COLUMBUS (WCMH) — Thursday, the Ohio Department of Transportation Director Jack Marchbanks introduced the 7.43 billion transportation budget, appearing before the Ohio House Finance Committee.
The ODOT recommended budget would fund operations for the department for the next two years and includes a proposed 18 cent increase to the fuel tax that would fund road and bridge maintenance throughout the state.
“As you may recall, due to flat revenues, highway construction inflation, and mounting debt payments,
ODOT is in jeopardy of being unable to fulfill its mission. The credit cards are maxed out and the longterm health of Ohio’s transportation system is now at stake,” Marchbanks said.
According to a release from ODOT, the revenue in the first year would equal approximately 1.2 billion and be split roughly 60-40 between ODOT and local governments. The funds would be restricted for purposes related to the construction, reconstruction, maintenance and repair of public highways and bridges.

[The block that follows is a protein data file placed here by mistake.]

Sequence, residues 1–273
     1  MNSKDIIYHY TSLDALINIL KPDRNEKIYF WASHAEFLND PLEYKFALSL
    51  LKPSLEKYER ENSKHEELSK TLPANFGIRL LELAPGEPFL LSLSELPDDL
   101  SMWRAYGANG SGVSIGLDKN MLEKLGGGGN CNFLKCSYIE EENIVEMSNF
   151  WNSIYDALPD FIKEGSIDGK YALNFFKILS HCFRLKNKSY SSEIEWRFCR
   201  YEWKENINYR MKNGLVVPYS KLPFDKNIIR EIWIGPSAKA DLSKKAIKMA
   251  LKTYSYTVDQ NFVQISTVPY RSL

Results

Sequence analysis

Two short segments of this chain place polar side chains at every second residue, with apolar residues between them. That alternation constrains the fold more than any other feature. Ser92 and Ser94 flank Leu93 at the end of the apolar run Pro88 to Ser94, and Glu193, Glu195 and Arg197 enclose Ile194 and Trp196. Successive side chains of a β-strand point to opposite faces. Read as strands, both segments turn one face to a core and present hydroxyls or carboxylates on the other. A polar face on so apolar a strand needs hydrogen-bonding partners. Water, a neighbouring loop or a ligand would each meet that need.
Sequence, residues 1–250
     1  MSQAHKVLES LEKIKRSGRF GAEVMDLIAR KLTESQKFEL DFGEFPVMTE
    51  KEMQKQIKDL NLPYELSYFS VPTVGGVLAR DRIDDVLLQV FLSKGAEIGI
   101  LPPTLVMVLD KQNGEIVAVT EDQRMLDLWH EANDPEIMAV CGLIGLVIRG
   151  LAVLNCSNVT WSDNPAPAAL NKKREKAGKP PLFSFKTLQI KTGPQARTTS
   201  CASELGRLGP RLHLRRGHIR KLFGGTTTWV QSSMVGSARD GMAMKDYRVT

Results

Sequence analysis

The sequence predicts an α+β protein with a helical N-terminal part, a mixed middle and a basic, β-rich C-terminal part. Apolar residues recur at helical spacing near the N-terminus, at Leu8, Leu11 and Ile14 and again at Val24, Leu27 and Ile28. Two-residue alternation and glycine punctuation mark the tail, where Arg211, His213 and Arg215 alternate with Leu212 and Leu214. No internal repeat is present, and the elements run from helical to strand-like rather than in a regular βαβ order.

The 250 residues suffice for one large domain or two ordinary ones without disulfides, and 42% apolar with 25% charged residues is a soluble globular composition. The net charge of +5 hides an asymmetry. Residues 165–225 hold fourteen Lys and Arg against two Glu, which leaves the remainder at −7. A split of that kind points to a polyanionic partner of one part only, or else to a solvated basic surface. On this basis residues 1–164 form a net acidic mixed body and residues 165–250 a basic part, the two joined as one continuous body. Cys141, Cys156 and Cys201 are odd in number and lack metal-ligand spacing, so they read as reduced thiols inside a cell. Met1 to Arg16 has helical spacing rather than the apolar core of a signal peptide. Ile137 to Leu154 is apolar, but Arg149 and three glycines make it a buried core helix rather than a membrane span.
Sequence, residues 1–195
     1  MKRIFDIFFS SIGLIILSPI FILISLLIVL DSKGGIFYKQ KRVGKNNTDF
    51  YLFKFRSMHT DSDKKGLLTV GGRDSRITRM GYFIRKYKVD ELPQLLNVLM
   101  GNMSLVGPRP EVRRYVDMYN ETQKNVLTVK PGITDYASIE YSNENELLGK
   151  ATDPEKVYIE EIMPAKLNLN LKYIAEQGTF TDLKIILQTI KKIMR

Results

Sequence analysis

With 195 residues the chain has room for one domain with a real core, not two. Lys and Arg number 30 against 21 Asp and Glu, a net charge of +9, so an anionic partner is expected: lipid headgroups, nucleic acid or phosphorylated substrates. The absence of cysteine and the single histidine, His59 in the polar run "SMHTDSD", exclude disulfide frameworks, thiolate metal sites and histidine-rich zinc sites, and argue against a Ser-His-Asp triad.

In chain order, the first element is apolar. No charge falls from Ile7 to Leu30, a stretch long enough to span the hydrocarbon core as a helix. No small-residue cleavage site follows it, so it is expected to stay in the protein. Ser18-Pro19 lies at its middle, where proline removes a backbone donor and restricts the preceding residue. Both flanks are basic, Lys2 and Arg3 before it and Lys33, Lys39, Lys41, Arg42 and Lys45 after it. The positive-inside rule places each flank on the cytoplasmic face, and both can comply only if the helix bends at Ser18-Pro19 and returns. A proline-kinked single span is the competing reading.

For fiscal year 2020, ODOT says the proposed budget and tax increase would provide them with $750 million in additional revenue to be used for paving roads, fixing guardrails, filling potholes, clearing snow and ice, maintaining bridges and improving safety.
The budget proposal would raise the fuel tax by 18 cents beginning July 1.
“Given that our current state motor vehicle fuel tax is $0.28, we understand an additional $0.18 increase will sound high, but let me put that into perspective for you. If you drive 13,000 miles per year (roughly the U.S. average) in a 2015 Ford F-150 pickup with four-wheel drive and a V8 engine, your fuel bill would increase $2.65 per week. If you drive 13,000 miles per year in a 2015 Jeep Cherokee, you would pay an additional $1.91 per week. If you drive a 2015 Honda Accord, you would pay just $1.61 per week, less than the price of a cup of coffee,” Marchbanks explained.